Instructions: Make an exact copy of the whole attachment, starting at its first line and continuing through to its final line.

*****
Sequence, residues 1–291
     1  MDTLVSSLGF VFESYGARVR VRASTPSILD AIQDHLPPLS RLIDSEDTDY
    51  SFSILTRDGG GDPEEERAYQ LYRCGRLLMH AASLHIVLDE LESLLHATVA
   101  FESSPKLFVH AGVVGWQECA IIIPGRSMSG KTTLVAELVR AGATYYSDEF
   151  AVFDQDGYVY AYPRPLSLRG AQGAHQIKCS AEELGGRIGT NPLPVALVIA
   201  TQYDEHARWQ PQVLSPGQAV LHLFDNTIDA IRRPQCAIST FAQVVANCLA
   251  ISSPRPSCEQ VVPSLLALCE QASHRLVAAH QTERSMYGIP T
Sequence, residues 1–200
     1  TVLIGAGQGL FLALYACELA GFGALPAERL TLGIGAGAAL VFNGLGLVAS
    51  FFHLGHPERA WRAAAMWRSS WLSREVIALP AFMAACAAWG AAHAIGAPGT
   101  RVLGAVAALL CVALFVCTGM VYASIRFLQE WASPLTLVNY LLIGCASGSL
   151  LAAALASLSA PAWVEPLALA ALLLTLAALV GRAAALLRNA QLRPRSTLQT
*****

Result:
Sequence, residues 1–291
     1  MDTLVSSLGF VFESYGARVR VRASTPSILD AIQDHLPPLS RLIDSEDTDY
    51  SFSILTRDGG GDPEEERAYQ LYRCGRLLMH AASLHIVLDE LESLLHATVA
   101  FESSPKLFVH AGVVGWQECA IIIPGRSMSG KTTLVAELVR AGATYYSDEF
   151  AVFDQDGYVY AYPRPLSLRG AQGAHQIKCS AEELGGRIGT NPLPVALVIA
   201  TQYDEHARWQ PQVLSPGQAV LHLFDNTIDA IRRPQCAIST FAQVVANCLA
   251  ISSPRPSCEQ VVPSLLALCE QASHRLVAAH QTERSMYGIP T
Sequence, residues 1–200
     1  TVLIGAGQGL FLALYACELA GFGALPAERL TLGIGAGAAL VFNGLGLVAS
    51  FFHLGHPERA WRAAAMWRSS WLSREVIALP AFMAACAAWG AAHAIGAPGT
   101  RVLGAVAALL CVALFVCTGM VYASIRFLQE WASPLTLVNY LLIGCASGSL
   151  LAAALASLSA PAWVEPLALA ALLLTLAALV GRAAALLRNA QLRPRSTLQT